Belt required Braces optional

 
Coaching, Mentoring and management learning sets are the belt and braces of leadership development, which a manager uses is a matter of personal preference, opportunity and local circumstances. In this case the organisation decided coaching was required and mentoring was optional.
 
As director of Community Services I took the lead for management development within a Directorate of approximately 500 managers. The previous management development programme was based on a very small number of managers undertaking an MBE each year. This budget was instead used to buy sessions with two management consultants and over a three year period to provide executive coaching, support the introduction of management mentoring and facilitate some management learning sets.
 
Offering all managers leadership training was part of a systematic approach to management development. Extending  executive coaching to the wider management group was desirable. Installing a formal mentoring scheme open to all was a beaurocratic challenge. Running management learning sets co facilitated by senior managers was ambitious.
 
Executive coaching proved very popular with participants but logistical and financially limitations restricted its extension to the wider management group. Some senior managers were reluctant to take on a mentoring role and not all were suitable. Having a senior manager as a mentor was seen as a status symbol. Mentors and mentees had very different views on the type of structure to support mentoring. Mentors wanted things kept relatively informal, mentees wanted detailed guidance on what they could expect and a sophisticated  matching system.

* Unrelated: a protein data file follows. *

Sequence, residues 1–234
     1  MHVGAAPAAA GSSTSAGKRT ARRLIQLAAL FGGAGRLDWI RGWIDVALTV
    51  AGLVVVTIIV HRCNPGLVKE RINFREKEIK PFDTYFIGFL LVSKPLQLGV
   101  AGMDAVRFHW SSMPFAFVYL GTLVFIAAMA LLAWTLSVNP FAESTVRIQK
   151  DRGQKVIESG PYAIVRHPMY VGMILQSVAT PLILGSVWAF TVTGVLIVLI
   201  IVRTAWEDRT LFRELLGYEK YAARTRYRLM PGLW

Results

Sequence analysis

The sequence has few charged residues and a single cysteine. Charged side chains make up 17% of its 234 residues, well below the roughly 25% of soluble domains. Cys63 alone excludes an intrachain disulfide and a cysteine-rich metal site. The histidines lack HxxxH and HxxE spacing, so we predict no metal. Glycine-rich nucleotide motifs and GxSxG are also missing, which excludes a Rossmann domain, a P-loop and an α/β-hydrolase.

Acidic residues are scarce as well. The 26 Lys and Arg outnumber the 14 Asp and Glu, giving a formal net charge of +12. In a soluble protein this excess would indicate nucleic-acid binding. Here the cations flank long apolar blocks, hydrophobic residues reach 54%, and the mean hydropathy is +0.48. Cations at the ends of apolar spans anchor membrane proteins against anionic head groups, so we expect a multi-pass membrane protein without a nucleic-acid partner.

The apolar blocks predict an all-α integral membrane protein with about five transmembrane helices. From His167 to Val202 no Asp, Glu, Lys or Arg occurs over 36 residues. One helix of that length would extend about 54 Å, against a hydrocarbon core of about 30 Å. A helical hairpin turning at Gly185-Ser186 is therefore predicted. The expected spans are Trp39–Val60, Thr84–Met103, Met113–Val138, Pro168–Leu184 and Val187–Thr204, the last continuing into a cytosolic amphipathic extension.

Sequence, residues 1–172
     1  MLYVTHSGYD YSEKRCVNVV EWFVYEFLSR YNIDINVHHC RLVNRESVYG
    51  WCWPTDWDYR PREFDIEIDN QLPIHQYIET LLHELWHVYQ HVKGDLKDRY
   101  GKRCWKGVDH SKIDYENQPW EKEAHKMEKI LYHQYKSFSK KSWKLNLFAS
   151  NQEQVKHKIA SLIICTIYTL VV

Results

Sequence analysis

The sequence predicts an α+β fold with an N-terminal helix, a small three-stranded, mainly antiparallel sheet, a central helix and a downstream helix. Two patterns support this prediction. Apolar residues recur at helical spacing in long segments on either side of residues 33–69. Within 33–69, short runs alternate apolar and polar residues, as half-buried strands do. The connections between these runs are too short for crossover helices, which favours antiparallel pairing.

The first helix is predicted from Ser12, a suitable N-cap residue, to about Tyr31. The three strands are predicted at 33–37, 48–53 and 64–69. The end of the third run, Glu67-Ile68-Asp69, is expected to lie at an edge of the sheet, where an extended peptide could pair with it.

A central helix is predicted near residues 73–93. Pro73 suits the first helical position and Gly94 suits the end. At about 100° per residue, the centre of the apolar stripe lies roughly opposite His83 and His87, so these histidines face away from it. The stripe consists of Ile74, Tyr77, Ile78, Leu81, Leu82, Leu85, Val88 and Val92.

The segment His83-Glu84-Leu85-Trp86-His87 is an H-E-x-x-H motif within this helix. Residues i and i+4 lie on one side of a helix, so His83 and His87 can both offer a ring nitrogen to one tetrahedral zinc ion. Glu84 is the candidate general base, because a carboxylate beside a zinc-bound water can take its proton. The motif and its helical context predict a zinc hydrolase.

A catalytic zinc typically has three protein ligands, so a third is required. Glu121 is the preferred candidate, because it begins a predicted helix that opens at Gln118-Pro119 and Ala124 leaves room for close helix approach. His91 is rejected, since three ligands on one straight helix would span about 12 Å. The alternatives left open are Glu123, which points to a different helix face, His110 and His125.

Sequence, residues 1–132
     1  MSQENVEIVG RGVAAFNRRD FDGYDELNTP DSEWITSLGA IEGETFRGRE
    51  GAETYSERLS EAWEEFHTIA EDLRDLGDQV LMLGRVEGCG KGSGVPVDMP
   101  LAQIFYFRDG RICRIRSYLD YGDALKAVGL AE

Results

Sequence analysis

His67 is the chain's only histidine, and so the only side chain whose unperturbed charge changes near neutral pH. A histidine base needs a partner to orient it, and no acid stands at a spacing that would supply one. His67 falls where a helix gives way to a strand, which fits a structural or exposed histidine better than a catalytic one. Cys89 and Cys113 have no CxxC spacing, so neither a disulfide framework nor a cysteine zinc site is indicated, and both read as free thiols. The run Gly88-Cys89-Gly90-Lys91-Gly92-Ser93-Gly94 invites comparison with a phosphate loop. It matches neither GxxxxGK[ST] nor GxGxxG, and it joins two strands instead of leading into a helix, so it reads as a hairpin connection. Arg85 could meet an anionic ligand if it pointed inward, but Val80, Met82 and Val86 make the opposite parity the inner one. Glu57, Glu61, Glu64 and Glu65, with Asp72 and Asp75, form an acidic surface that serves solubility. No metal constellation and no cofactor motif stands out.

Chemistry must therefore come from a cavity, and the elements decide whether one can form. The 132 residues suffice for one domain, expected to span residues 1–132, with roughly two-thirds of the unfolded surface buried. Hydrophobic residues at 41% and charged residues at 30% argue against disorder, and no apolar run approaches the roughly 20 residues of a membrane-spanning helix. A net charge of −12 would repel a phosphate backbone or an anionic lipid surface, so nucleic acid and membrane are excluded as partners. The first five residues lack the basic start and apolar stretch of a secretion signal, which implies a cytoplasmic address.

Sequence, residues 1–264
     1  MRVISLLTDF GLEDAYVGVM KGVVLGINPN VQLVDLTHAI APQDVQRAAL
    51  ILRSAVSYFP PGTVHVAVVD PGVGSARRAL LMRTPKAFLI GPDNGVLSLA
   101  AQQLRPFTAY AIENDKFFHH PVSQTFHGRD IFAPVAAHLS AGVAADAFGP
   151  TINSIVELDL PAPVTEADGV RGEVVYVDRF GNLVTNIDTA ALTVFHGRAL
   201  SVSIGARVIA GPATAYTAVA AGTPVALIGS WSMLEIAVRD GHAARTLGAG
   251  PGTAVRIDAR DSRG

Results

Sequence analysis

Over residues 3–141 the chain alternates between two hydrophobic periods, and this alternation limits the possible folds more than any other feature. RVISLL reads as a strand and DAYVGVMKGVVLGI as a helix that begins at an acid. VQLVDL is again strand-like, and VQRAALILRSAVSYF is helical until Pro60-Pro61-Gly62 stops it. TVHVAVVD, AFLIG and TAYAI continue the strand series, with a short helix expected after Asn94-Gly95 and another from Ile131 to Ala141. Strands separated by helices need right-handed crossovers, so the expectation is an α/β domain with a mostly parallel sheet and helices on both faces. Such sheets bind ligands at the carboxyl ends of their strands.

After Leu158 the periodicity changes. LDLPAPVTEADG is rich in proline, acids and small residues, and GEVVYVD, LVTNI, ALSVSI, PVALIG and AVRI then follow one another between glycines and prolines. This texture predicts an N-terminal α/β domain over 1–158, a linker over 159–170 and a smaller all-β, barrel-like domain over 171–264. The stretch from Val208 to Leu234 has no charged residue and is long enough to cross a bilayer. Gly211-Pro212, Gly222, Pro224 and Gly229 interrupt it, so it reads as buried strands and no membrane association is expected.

Both executive coaching and mentoring can be judged to have been a success by the positive feedback from participants and evidence from staff surveys, workshops and in house conferences which indicated staff had more confidence in senior management. Senior managers reported growing confidence in middle and first line managers.
However our experience also highlights the difficulty of sustaining a large scale management development programme due to management turnover, the lack of funds to extend coaching to middle and first line managers and the reluctance and unsuitability of some senior managers to be mentors.
Blair McPherson www.blairmcpherson.co.uk 
 
 

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